Have you ever gotten bummed out that video games nowadays are too predictable, too stress-free and flat-out too expensive? Well look no further! Developed by Grasshopper Manufacture and published by GungHo Online Entertainment, “Let It Die” is the answer to your prayers while simultaneously being something out of a LSD induced nightmare. This free-to-play rogue hack and slash game was released to the PlayStation Store in December of 2016, and recently released in Japan as of February 2nd. The story takes place in the year 2026, where the world as we know it has turned to metaphorical sh*t caused by a catastrophic tectonic shift. However, out of the ashes of our destroyed societal infrastructure, comes a tower constructed of what seems to be old skyscrapers haphazardly duct taped together.
The “Tower of Barbs” has many secrets that lay and wait to be discovered by the true champion who reaches the top. You begin the game by selecting a character from a pool of avatars who are equivalent to human-lab-rats. You’re then greeted by what can only be described as the coolest rendition of the grim reaper I’ve ever seen. A skateboarding, x-ray glasses wearing, golf-club/scythe wielding “foreign hipster” who promptly leads you through the tutorial, effectively changing your name to “Senpai” as he reminds you constantly. If you thought the game couldn’t get any weirder, you’re wrong. The game somehow does a complete 180, by revealing to you that you’re actually just playing video game in a dirty and likely smelly, arcade. But your favorite grim reaper buddy, “Uncle Death” is here too? And he’ll be along for the ride and your biggest supporter as he encourages you to hop back into the game and climb the tower!
Let It Die is free to play and available for download through the PlayStation Store.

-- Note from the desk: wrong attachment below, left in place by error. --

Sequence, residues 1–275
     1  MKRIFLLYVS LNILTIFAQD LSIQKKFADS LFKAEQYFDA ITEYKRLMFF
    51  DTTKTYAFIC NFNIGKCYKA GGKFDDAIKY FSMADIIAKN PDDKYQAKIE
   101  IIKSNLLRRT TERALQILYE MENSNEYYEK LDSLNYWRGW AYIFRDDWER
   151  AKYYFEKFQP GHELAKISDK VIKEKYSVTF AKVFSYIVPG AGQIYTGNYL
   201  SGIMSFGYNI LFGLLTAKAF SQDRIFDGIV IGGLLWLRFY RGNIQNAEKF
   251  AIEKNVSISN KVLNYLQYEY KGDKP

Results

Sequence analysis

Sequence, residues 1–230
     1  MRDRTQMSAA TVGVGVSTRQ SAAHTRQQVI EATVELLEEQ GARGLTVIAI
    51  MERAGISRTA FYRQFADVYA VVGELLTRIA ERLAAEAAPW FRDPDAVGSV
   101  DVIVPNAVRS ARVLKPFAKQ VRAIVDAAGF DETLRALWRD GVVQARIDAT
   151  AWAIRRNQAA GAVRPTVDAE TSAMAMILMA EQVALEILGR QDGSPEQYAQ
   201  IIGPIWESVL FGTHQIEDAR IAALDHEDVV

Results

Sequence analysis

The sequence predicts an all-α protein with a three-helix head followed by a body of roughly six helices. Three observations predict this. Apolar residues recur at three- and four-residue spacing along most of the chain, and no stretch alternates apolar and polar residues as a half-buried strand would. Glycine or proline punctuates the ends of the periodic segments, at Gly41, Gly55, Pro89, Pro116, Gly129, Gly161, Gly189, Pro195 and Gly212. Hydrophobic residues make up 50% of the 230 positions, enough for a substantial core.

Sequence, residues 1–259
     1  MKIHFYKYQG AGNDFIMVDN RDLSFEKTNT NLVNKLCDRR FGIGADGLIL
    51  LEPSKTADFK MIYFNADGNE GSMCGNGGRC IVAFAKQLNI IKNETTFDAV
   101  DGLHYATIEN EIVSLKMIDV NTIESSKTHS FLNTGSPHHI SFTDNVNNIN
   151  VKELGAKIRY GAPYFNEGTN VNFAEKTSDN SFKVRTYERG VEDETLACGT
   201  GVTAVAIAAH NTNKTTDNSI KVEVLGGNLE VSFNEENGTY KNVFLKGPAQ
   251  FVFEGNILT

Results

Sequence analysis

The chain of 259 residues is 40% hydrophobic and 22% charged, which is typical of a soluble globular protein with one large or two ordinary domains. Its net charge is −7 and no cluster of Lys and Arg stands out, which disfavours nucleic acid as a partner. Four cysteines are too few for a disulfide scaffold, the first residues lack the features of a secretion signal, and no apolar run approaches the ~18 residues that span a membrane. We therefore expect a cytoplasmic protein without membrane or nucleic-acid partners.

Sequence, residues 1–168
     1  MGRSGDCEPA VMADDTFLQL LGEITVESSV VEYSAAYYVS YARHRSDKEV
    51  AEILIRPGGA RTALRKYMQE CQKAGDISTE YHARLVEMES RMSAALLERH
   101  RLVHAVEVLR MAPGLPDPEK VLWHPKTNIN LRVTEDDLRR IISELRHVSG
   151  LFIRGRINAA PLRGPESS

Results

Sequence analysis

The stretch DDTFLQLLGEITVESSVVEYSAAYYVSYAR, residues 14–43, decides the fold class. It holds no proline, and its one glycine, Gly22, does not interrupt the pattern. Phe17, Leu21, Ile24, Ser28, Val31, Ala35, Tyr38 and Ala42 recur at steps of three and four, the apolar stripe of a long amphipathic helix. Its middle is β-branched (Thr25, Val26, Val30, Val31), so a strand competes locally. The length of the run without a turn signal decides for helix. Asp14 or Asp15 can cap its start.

To be blunt, Let It Die is like Dark Soul’s trippy cousin. The enemies get progressively difficult as you dodge roll your way up the tower. As you kill other avatars climbing the tower, they dramatically explode, showering you in blood. Sometimes dropping gold pieces that you'll use to buy necessities as you advance through the game. The combat, while sometimes clunky, can best be described as invigorating. This is because at anytime, the durability of one of your weapons could expire leaving you with just your bare hands to defend yourself. While you can usually pick up weapons off one of the hundreds of lifeless enemy bodies you’ve left behind, any hopes of advancement to the higher levels of the tower will require you to craft weapons and armor that you'll unlock by collecting blueprints. To add to the quirky insanity of this game, your avatar regains his/her health by consuming wild mushrooms and creatures scurrying around the tower. While some mushrooms restore health, there are others that present a variety of health problems such as being poisonous and well…explosive. They can also be tossed like a grenade and be an effective method to incapacitating an enemy. However, be cautious when using mushrooms, both consuming and throwing these mushrooms are done using the DualShock controller’s touchpad. Nothing worse than trying to surprise an enemy with a grenade mushroom and accidentally eating it…